Nov
19
2010

Torture and the 'Problem' With the Courts

The civilian trial of terrorism suspect Ahmed Ghailani, who was linked to the U.S. embassy bombings in Tanzania and Kenya, was unsatisfying to those who believe that accused terroristsshould not be tried in civilian courts. To them, the scoreboard tells the story: Ghailani was convicted on one count, and acquitted onover 280 other charges. The newspaper headlines today lay out the problem: USA Today (11/19/10): Detainee's Acquittals Spark Debate Over Civilian Trials Washington Post (11/19/10): Verdict in Terror Case a Setback for Advocates of Civilian Trials A more rational media system would discuss the verdict primarily as a resultof the […]

Nov
03
2010

NYT: It's Still Not Torture If Bush Did It

Back in June, a study by Harvard students (echoing earlier work in Extra!–5-6/08) found that media outlets like the New York Times consistently called things like waterboarding torture when they reported on them–that is, until the Bush administration's torture came to light. The study sparkeda lot of discussion, with the Times responding that it didn't refer to waterboarding as torture because it wanted to avoid "taking sides in a political dispute." In today's New York Times (11/3/10), a review of George W. Bush's new book shows that the Times is sticking with that formula: He likewise defends his decision to […]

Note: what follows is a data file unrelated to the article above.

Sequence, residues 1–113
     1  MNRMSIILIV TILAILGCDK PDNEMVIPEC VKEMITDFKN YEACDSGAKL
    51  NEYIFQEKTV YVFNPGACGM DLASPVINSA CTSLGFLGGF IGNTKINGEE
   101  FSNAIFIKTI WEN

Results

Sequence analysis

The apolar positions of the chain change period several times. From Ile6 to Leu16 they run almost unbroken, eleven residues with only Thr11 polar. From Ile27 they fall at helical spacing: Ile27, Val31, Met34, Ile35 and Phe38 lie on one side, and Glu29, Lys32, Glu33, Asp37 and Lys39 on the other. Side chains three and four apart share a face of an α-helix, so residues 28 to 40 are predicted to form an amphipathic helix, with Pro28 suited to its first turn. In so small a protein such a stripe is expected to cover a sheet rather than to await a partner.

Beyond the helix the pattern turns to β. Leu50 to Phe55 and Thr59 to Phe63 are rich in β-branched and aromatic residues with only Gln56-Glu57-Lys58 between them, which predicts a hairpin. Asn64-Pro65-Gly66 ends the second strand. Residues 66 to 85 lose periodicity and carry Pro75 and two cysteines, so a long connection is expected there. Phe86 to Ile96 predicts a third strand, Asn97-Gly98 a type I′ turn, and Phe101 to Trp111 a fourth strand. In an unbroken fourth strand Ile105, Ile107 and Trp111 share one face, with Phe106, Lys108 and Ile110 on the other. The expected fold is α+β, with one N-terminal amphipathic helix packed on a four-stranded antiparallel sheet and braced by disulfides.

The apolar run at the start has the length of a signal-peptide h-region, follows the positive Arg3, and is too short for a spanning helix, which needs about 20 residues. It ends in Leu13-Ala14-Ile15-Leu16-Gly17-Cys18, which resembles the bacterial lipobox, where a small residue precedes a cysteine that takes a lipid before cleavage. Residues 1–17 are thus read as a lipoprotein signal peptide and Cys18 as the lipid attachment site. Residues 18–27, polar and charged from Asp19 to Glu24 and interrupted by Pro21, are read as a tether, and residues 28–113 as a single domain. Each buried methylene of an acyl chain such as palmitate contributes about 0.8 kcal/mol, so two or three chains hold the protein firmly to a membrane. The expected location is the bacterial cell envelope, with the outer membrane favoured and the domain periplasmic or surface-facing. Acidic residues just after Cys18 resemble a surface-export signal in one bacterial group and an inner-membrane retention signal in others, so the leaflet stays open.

Jul
01
2010

Torture Is When Other Countries Do It

A study (4/10) by Harvard students discovered that waterboarding was commonly called torture by major newspapers–right until the United States was found to be practicing it. The study looked at coverage in the New York Times, Los Angeles Times, USA Today and Wall Street Journal. As Salon's Glenn Greenwald put it, "We don't need a state-run media because our media outlets volunteer for the task:Once theU.S. government decrees that a technique is no longer torture, U.S. media outlets dutifully cease using the term." The Harvard researchhas been widely discussed, which is certainly a good thing. Michael Calderone at Yahoo! has […]